For dinner, the con asked people to list their three favorite authors and then organized groups around the half-dozen most popular entitled "If you Like X, You'll Love Y." For some reason, there were no groups organized around Jorge Luis Borges or Olaf Stapledon (though one other person did list Borges), so Mark, Pete, Barbara, Kate, and I had our own dinner discussion: "Why Does No One Else Like the Authors I Like?" To those who like Stapledon, I would recommend John Brunner's The Crucible of Time and James Michener's Hawaii and The Source.
I only heard bits and pieces of this from outside the hall. Sample question: "Comment on Philip K. Dick, Gene Wolfe, John Crowley." Answer: "Golly, gosh!"
I didn't attend this, but Mark did and reports that it was excellent. From his comments, I might suggest that Boskone may wish to approach Anita Van about doing a dramatic reading there.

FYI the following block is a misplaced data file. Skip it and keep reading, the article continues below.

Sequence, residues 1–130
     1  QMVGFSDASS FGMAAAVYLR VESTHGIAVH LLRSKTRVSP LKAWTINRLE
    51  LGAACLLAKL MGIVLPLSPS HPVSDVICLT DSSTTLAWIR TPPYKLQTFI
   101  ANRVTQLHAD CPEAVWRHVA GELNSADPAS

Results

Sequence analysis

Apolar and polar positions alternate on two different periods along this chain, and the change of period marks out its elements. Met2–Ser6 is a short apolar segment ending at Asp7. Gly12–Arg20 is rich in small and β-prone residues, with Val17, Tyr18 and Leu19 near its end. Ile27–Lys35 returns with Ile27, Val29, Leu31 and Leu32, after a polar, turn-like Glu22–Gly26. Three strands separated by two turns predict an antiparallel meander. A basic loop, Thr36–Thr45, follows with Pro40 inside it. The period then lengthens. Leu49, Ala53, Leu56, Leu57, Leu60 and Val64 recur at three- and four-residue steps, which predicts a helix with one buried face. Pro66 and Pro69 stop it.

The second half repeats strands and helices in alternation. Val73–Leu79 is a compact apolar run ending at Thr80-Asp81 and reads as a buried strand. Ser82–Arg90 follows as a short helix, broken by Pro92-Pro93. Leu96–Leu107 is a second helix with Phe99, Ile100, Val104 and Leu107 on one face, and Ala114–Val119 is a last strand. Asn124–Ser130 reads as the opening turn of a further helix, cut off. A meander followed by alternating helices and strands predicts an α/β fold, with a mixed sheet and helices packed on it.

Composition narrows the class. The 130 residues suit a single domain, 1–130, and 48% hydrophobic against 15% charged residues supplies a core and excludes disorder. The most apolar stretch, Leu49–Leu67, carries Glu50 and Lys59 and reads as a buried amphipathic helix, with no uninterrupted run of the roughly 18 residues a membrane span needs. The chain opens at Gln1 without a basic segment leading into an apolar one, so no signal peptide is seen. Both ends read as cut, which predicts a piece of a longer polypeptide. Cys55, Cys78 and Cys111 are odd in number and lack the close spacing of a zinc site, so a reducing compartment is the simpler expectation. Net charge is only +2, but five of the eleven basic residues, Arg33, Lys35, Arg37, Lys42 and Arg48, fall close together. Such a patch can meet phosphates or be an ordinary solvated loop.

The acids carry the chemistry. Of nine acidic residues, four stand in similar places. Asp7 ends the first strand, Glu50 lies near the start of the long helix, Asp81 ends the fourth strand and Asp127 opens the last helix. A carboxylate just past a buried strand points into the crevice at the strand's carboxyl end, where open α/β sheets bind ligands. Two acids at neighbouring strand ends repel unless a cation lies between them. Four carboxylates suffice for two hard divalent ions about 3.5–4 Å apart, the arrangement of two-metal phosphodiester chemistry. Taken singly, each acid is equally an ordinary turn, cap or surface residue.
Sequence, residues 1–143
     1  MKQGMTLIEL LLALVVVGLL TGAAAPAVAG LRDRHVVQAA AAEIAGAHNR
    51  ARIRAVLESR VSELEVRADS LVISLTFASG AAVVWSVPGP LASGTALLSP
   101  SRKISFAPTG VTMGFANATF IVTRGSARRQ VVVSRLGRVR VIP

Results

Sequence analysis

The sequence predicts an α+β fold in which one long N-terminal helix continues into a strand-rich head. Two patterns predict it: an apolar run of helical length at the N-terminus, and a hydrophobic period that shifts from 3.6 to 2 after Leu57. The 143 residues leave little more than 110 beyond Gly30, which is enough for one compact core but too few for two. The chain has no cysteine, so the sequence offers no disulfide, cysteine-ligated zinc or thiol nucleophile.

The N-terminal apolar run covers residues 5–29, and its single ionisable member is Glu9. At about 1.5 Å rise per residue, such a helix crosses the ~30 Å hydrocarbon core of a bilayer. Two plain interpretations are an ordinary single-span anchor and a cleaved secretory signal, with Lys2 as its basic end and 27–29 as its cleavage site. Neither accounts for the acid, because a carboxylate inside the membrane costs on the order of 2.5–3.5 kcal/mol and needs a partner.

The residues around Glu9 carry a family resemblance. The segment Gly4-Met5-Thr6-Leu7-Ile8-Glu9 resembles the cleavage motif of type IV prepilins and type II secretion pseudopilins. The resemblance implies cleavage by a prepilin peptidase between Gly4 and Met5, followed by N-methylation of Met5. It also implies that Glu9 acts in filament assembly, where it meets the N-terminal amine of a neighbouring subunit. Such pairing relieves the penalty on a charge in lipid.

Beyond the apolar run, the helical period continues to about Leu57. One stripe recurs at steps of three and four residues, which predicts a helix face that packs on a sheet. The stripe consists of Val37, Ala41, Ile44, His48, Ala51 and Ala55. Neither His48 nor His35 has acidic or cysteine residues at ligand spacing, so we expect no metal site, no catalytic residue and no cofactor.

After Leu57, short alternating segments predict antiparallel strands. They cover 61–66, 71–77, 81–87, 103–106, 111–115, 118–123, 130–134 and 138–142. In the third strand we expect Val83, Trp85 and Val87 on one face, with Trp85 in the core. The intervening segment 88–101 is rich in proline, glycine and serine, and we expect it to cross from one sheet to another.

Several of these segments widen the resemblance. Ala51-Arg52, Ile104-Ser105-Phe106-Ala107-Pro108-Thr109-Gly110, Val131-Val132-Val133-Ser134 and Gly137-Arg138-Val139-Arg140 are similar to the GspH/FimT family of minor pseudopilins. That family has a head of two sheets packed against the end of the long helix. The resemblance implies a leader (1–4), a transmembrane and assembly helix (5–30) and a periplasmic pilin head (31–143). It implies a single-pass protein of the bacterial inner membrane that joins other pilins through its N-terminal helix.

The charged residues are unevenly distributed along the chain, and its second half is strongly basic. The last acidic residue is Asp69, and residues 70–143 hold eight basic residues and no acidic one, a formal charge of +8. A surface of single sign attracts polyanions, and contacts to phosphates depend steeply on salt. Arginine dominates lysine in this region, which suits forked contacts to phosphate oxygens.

I was working the Green Room during this by my own choice, but I am pleased (?) to report that they did pick a different author to make the butt of all the jokes this year. There was, on the whole, less negative programming at Readercon II than at Readercon I, making this slightly less obnoxious than previously. Geary Gravel won again, having also won the first and second competitions. This makes him either the "trashmaster of science fiction," or (as I prefer to think of it) as the "Rich Little of science fiction," able to imitate any author's style.
I must report that in the Con Suite during this time was a discussion of movies (gasp!), but I can't help but feel that a discussion of good movies is better than a discussion of bad prose.
Actually if Readercon wants to discuss bad prose, perhaps a "Three Most-Overrated Authors" panel or poll would be an interesting future event. This would be to discuss authors who generally are considered good authors but, in the panelists' opinions, are not. This might also be extended to include authors who sell well but are not very good. (I hesitate to suggest this for fear of encouraging more attacks on authors, but fools rush in....)